Douthat’s Generation Will Fix That

Post racial America,

African-American students and students with disabilities are suspended at “hugely disproportionate rates compared to white students,” said a report by the Discipline Disparities Research-to-Practice Collaborative, which includes experts from fields such as advocacy, policy, social science and law. Latino students, girls of color, and lesbian, gay, bisexual and transgender students also were disproportionately suspended — a punishment the report said increases dropout risks and helps push troubled students out of classrooms and into the justice system.

The problem with this problem is it’s complexity, which requires more rational thinking than the emotive human tends to do when confronted with nonconformity in a Stanford experimental environment. Nothing will kill non-authoritarianism quicker than having some authority.

Given the demographics of my youth, most of these children would not have been in any of the schools I attended in the first place, for various reasons. It is one thing to grow up in a multicultural diverse nation, and quite another to have grown up in one that was in such a unique situation, as America was after World War Two, of becoming one. I would suppose a bad analogy is if you grew up with the internet it isn’t that big of a deal, while those of us that used to write letters to pen pals find it a sea change in communications. I was raised in a scientific community in New Mexico with black and white television that received three channels, and people spent considerably more time listening to AM radio, which played music, not yakity yak.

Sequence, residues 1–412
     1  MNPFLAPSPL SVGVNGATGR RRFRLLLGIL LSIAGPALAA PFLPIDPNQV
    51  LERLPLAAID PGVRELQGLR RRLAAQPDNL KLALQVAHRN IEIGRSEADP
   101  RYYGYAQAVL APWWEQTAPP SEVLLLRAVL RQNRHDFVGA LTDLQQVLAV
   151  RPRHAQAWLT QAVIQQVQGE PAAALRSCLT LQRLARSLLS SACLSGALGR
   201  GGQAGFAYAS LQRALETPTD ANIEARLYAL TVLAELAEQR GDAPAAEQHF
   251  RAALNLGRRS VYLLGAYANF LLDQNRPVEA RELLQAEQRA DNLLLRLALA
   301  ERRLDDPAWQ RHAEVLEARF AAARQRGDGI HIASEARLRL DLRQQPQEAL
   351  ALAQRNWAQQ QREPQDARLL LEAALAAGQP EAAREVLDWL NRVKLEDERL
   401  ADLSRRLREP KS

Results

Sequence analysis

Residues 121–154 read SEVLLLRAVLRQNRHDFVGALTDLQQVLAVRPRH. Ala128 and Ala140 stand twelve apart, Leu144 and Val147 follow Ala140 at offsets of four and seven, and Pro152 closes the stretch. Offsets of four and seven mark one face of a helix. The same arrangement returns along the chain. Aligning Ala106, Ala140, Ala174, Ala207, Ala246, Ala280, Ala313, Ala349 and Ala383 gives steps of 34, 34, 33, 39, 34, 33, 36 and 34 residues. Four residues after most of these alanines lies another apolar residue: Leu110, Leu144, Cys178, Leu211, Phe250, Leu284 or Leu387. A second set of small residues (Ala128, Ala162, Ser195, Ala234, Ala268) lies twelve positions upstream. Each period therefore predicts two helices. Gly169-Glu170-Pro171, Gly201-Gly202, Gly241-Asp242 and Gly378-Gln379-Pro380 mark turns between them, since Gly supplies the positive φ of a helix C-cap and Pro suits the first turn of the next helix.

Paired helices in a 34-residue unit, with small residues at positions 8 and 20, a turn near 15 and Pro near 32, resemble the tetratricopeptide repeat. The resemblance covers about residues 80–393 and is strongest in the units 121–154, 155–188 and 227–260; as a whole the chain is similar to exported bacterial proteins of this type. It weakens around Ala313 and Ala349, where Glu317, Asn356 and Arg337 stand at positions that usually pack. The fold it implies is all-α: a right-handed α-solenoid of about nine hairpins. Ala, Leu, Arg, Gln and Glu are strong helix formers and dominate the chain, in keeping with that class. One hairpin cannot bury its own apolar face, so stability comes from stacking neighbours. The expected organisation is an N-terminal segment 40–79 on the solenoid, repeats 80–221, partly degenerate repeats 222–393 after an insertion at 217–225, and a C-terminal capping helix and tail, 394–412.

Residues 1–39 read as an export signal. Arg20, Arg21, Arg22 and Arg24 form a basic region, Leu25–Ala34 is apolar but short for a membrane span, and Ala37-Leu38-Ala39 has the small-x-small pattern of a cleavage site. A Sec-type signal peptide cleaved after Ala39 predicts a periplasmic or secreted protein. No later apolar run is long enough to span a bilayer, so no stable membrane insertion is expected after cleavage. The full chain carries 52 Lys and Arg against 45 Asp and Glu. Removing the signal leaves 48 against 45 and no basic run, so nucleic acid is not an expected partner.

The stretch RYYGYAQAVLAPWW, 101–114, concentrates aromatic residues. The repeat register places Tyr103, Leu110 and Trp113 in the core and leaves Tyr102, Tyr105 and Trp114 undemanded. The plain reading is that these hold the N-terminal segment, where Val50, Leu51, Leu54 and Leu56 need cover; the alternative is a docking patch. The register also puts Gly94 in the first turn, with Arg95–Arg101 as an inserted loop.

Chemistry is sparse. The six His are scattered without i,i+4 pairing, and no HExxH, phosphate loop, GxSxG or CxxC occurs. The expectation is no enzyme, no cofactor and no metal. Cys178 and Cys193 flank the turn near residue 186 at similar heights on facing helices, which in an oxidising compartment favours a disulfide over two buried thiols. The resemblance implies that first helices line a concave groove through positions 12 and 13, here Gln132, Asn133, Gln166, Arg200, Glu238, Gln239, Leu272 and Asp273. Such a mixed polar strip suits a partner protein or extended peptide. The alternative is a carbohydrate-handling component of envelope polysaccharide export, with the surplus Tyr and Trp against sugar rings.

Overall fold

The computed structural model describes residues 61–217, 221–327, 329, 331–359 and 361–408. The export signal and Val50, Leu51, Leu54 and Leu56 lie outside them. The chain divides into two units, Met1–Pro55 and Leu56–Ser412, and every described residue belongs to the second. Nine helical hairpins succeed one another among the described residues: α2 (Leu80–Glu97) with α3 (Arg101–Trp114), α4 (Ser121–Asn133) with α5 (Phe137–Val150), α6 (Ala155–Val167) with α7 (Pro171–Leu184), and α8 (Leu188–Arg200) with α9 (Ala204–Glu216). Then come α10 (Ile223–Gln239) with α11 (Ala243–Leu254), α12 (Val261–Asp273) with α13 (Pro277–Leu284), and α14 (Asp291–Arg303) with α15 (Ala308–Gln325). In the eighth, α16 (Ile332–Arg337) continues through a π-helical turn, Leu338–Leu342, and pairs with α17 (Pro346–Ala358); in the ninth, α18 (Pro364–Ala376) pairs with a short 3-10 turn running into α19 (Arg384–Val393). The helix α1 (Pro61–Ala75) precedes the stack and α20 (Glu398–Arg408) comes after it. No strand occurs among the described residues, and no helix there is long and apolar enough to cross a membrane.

The civil rights movement, while huge, was, and remains, a movement. The glacier can calf an iceberg, but it takes a sea change to melt it completely. Meanwhile the glacier is calving another iceberg. It’s a process that can neither be halted nor hurried. Fortunately it is an analogy, humans have the ability to adapt, and some of them do so by moving back into cold waters, while others rush headlong into the tropics. The effects described in the Stanford experiment are going to affect those that cannot handle having authority regardless of their adaptive abilities to changing demographics and mores. We can be sure however, that should the civil rights movement obtain perfect equality among the races, sexes, orientations and whatnot, the inability of some people to handle authority will remain a constant.

I suppose I should add sourcing and apologize for the original link.

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